Gay-Straight Alliance Summit
Erin Davies was mortified when vandals spray-painted anti-gay slurs on her Volkswagon Beetle. But not for long. Davies, a lesbian graduate student living in upstate N.Y., turned the hate crime on its head by leaving the graffiti intact. Then she set out on a 58-day, consciousness-raising trip across the United States and Canada, using her vandalized car to broadcast the need to improve the gender-identity climate. One year later, she painted it the colors of the rainbow to signify her pride in her gender identity.
This is just one of the inspirational stories shared during the third-annual Gay-Straight Alliance Leadership Summit. Hosted by Dickinson College and organized by the Harrisburg LGBT Center Coalition’s Common Roads project, the daylong event offered Dickinsonians, community leaders and area high-school students a welcoming environment in which to share their experiences and learn about LGBT (lesbian/gay/bisexual/transgender) and straight-ally issues and resources.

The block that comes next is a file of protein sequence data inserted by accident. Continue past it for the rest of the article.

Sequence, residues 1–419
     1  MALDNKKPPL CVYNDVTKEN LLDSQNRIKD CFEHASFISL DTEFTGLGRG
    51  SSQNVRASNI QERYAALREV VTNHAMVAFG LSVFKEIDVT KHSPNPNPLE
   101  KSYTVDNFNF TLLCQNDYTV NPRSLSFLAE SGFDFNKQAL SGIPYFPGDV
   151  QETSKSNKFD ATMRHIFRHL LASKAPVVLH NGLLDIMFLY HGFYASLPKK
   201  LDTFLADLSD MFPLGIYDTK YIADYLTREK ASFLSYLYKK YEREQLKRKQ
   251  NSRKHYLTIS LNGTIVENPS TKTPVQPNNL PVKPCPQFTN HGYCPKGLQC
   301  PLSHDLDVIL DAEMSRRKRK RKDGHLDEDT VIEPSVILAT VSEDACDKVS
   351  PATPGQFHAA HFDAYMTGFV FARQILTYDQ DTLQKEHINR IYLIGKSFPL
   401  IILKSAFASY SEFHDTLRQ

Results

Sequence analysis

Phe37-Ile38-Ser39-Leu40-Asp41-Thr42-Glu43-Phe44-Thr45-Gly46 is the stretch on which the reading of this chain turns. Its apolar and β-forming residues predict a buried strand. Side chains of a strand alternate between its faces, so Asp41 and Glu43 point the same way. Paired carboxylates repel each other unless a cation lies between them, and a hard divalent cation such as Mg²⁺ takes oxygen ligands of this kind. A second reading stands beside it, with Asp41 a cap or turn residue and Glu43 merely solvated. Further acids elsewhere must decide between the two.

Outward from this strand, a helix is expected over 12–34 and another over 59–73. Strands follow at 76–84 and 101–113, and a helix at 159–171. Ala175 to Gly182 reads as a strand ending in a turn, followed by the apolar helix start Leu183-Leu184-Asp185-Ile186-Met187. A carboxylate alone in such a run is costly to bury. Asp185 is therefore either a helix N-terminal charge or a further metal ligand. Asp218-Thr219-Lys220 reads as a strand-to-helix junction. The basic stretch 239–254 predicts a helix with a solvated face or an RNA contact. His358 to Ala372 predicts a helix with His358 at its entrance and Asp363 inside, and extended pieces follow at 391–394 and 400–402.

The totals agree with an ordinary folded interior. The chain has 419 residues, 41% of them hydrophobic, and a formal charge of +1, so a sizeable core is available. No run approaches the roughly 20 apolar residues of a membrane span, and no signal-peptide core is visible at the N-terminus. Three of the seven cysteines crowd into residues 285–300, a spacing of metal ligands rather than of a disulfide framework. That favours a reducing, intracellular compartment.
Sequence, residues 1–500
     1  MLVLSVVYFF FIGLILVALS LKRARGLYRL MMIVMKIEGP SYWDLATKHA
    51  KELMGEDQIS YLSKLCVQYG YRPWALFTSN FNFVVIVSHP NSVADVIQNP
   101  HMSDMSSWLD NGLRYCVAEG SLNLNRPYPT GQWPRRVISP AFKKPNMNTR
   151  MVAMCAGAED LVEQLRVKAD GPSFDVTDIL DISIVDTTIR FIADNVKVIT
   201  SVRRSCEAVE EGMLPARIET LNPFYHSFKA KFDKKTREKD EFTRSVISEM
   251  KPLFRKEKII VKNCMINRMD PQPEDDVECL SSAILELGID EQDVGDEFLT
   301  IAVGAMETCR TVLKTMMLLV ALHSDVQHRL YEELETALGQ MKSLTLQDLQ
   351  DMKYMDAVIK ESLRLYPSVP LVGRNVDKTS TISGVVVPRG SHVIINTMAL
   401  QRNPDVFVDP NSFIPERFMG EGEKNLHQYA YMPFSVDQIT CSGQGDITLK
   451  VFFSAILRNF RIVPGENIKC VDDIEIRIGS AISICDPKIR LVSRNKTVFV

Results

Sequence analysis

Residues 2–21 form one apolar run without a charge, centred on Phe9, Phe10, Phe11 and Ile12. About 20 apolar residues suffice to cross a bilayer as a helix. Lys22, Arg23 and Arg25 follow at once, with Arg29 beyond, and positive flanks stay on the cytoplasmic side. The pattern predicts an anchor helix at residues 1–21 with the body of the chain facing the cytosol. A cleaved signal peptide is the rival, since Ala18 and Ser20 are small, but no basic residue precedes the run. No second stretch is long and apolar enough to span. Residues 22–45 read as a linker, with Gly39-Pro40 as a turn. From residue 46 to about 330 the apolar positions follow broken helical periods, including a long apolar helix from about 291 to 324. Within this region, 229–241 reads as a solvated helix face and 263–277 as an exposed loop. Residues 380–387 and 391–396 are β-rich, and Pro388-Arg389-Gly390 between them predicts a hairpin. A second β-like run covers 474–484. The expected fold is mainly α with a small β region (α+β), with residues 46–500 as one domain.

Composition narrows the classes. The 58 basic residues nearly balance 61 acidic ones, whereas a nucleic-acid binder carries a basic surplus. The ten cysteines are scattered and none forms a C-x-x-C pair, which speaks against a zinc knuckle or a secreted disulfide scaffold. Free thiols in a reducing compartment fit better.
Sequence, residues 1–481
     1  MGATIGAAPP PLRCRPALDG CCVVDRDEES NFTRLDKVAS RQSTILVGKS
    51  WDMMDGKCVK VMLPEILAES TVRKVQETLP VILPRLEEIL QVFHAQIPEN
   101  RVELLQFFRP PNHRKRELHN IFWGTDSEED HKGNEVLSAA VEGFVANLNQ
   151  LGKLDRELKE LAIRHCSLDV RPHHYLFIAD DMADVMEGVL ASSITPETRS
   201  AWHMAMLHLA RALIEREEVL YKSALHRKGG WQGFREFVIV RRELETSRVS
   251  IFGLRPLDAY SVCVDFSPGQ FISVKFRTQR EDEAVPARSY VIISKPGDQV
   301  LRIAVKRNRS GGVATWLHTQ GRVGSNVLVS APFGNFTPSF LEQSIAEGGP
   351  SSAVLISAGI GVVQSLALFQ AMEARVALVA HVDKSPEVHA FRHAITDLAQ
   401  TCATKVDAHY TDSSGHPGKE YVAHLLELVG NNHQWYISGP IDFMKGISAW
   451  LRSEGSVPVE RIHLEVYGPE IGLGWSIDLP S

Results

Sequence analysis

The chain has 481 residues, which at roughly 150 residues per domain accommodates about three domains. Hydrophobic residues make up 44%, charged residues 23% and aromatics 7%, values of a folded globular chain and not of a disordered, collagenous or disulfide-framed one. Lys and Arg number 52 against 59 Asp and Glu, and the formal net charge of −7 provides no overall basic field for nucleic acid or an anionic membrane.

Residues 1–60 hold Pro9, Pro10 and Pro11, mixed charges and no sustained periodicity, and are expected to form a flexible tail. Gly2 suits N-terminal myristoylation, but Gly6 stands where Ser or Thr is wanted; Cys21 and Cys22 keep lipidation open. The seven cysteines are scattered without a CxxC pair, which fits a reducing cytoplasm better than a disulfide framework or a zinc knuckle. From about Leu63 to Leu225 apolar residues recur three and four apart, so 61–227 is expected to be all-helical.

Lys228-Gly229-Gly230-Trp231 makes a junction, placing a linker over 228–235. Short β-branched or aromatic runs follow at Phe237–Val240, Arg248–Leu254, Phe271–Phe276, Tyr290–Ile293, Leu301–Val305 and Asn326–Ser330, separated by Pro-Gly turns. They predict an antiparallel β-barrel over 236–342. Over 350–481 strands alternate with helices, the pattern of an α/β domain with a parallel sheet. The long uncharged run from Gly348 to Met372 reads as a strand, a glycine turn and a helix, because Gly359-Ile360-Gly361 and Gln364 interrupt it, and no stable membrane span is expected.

Throughout the day, Dickinson faculty members and representatives from area organizations shared stories, led group discussions and answered questions about the pride movement; self-identification; leadership and advocacy; the history, science and politics of the gay community; body image; self-defense; and strategic planning for college GSAs. Special workshops for community-organization leaders addressed related legal issues, strategic planning, advising strategies and workplace concerns [article continues below].
As the event's keynote speaker, Davies advised summit attendees to embrace diversity, take a stand against homophobia and find creative ways to change the climate of sexuality, gender identity and gender expression.
Messages such as these are helpful for students who identify themselves as LGBT, or are questioning their gender identity, as well as for the organization leaders who help them, says Paula Lima-Jones, director of diversity initiatives.
“For those in the community, events that create space to share stories and connect—safely and openly—are few and far between,” says Lima-Jones. “We hope that students and professionals who attended the summit leave with a set of ideas and skills to create these safe spaces back home in their schools, workplaces and neighborhoods.”
Photos by A. Pierce Bounds '71
Story by MaryAlice Bitts